Cesarean birth rate rises--again....Reporting on the rising cesarean cesarean /ce·sar·e·an/ (se-zar´e-an) see under section.
ce·sar·e·an or cae·sar·e·an or cae·sar·i·an or ce·sar·i·an
Of or relating to a cesarean section. rate feels like playing a broken record--that's because it is the tenth year in a row that the National Center for Health Statistics National Center for Health Statistics (NCHS) is part of the Centers for Disease Control and Prevention (CDC), which is part of the United States Department of Health and Human Services.
NCHS is the United States' principal health statistics agency. has reported an increase in the cesarean rate. The cesarean section cesarean section (sĭzâr`ēən), delivery of an infant by surgical removal from the uterus through an abdominal incision. The operation is of ancient origin: indeed, the name derives from the legend that Julius Caesar was born in this rate rose 4% from 2004 to 2005, with 30.2% of all births occurring by cesarean, the highest rate ever reported for the U.S. This is up from 29.1 percent in 2004. There has been a 46 percent increase in the Caesarean caesarean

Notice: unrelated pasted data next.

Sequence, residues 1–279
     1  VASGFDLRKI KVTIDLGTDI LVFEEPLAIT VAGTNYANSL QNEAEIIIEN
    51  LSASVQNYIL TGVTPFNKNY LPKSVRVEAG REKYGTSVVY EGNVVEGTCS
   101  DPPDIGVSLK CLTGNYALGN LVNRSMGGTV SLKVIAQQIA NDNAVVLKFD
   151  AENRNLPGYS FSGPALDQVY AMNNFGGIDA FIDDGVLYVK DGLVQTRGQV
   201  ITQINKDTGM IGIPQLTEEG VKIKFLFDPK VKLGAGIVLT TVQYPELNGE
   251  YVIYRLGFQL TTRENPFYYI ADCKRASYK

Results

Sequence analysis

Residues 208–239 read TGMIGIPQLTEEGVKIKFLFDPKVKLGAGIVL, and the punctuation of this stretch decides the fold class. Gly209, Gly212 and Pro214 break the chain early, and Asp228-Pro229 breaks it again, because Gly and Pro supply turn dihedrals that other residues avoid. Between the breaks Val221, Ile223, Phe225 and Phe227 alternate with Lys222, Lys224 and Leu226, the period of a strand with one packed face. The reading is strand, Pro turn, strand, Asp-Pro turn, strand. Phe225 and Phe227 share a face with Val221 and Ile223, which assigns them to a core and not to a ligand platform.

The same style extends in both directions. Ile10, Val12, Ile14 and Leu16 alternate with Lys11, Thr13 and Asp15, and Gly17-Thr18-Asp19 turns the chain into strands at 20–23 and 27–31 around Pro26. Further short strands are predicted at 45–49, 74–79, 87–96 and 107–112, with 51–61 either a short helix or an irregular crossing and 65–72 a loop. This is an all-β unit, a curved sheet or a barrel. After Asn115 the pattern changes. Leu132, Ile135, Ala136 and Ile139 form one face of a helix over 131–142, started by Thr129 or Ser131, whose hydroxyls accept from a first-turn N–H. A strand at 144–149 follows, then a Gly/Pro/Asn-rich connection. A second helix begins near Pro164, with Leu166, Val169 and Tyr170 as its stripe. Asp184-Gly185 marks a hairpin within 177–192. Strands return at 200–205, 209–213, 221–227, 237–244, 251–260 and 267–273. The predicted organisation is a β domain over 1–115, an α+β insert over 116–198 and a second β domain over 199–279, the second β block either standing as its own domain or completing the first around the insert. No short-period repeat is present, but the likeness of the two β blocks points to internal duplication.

Variant of cesarean.
cesarean. rate since 1996. The rate was only 5 percent in 1970.
Other disturbing trends occurred in rates of preterm preterm /pre·term/ (-term´) before completion of the full term; said of pregnancy or of an infant.
adj. birth and babies born at low birth weights. The preterm birth rate, or the percentage of infants born before 37 weeks gestation, increased from 12.5% of all births in 2004 to 12.7% in 2005. The percentage of U.S. babies born at low birth weights rose slightly to 8.2 percent of all births in 2005, with an overall gain of about 20 percent in the past two decades.
Also, the rate of "late preterm" births (34-36 weeks) increased from 8.9% (in 2004) to 9.1% (in 2005). While the report does not mention any connection, it is possible that planned cesareans and early inductions contribute to this kind of prematurity.
Births." Preliminary Data for 2005 is available at www.cdc.gov/nchs.